November 11th, which was formerly known as Armistice Day and is now called Remembrance Day, is a time to reflect and pay respects to the thousands of Canadian soldiers that gave their lives for their country. Remembrance Day was first was introduced back in 1919 and was observed in the British Commonwealth as Armistice Day, in recognition of the armistice agreement that ended the first world war. In 1931, the name of the day was changed to Remembrance Day, in a bill passed by the House of Commons.
Now every year in Canada, people take pause to commemorate past and present soldiers in the Canadian military who served for their country. For the most serious observers, a moment of silence will be recognized on the 11th hour, of the 11th day, of the 11th month. In Canada, the national ceremony takes place in Ottawa at the National War Memorial, but there are services, parades, and other activities all across the nation for seniors and caregivers to get involved in.
Remembrance Day Activities for Seniors and Caregivers
There are many things that people of all ages can participate in, from getting out in the community for a little social activity, to engaging in some indoor commemorations.
Some possible activities for Remembrance Day, and the days leading up to it, might be:
- Make or buy poppies
- Visit a war memorial
- Go to a parade
- Two minutes of silence
- Write a letter to veteran
- Arts and crafts
- Poems, stories, songs
Make or Purchase Poppies
Poppies are a quintessential element of Remembrance Day, and are the traditional mark of the occasion. Why are poppies associated with Remembrance Day? The poppy is known as a symbol of remembrance and hope for a peaceful future. Poppies represent veterans that gave their lives in war and the loved ones they left behind. They show a sign of mourning and respect for fallen soldiers.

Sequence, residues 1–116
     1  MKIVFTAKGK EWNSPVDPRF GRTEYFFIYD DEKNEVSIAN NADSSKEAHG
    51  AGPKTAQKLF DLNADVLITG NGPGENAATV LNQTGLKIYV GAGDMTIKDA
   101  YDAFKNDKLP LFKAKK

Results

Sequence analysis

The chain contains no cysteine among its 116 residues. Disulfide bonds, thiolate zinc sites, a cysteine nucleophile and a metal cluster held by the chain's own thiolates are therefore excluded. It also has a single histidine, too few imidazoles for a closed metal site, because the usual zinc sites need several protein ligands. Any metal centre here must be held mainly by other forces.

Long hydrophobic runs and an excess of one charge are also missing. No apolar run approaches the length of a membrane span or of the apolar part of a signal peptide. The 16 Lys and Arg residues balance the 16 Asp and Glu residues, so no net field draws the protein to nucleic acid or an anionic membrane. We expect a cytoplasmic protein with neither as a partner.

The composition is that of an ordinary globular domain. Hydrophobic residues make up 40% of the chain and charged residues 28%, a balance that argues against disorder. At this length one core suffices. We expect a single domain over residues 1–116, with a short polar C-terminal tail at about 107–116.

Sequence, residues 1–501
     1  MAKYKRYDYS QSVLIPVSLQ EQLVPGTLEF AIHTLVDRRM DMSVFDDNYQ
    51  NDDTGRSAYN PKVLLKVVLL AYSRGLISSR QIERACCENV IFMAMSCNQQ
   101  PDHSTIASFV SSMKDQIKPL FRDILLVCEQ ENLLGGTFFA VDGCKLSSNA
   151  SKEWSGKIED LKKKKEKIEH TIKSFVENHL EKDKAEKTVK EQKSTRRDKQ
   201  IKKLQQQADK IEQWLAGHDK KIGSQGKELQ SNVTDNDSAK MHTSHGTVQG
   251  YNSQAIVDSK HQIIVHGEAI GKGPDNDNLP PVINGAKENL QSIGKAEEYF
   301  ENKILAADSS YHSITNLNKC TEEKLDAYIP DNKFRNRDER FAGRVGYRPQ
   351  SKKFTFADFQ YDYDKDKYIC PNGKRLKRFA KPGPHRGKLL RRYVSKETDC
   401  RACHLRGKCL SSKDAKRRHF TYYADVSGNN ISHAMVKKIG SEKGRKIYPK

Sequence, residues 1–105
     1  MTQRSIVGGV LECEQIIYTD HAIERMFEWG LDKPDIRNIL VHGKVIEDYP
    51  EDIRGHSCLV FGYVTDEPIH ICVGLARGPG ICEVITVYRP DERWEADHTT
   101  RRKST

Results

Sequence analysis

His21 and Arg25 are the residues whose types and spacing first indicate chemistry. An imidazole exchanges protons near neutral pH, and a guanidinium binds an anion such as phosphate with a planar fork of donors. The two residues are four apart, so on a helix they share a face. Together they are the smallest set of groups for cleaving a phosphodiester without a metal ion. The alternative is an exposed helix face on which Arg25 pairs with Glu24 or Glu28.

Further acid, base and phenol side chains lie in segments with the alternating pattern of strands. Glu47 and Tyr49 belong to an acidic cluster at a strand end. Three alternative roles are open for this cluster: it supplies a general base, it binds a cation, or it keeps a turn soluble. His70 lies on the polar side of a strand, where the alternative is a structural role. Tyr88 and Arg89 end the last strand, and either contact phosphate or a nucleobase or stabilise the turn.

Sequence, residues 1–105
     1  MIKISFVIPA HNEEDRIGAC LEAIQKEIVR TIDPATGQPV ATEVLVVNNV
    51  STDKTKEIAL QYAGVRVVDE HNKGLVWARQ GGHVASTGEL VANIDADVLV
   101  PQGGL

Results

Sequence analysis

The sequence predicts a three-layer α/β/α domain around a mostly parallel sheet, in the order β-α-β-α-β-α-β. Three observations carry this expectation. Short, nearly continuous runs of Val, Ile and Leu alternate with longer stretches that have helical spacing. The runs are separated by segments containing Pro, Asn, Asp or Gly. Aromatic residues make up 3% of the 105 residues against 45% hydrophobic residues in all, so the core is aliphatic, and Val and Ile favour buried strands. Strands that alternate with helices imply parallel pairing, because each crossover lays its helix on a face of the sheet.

Poppies are also a widely used means of raising money for veterans’ foundations and families, with the proceeds going to help those in need. So, buying a poppy in commemoration of November 11th, not only visibly shows your support, but contributes to a good cause.
Making poppies is always a fun activity as well, and they can be crafted from a variety of materials.
Visit a War Memorial
This is another great way to show support on Remembrance Day if you are in close proximity to a war memorial. Check online for memorials near you, and if there isn’t one close, reading about the history of the National War Memorial is a good alternative.
Go to a Parade
There are hundreds of Remembrance Day parades and ceremonies to check out all across Canada. Parades are a good way to get out for some exercise, social interaction, and to show support. Parades often feature marching soldiers and bands and typically end in a wreath laying ceremony.
You can check local listings or online to find a parade near you, and if there isn’t one accessible you can always follow the national event on TV.
Two Minutes of Silence
This tradition dates back to the inception of Remembrance Day, back on November 11th, 1919, when King George V requested the public to observe 2 minutes of silence at 11:00am as a tribute and a time to reflect on the lives and sacrifices of the military’s soldiers.
This can be a good way for seniors to pay tribute to friends and family members that may have been involved or affected by the war effort.
Write a Letter
This is another approach to commemorating veteran friends or family that provided service to the Canadian military. Letters can be laid on soldiers’ tombs at Remembrance Day ceremonies, along with poppies.
Arts & Crafts
Poppies are the obvious craft of the day on November 11th, but other craft ideas might be making a wreath or constructing a monument.
Other creative options are writing a poem or story about a past military event or battle.
Poems, Stories, Songs
There a lot of poems and stories written about or for Remembrance Day, such as the classic “In Flanders Fields”. Writing a poem can be a fun activity for creative types, or reading from a book about Remembrance Day is also a good option to learn some history.
Songs are another excellent way to observe and remember soldiers’ efforts, and can include listening, singing, and even playing musical instruments. The bagpipes are heard all across the country on November 11th.
There is no better way to support Canada’s veterans than getting in there to pitch in and help out. Time can be volunteered at legions across the country, or a local Remembrance Day community event.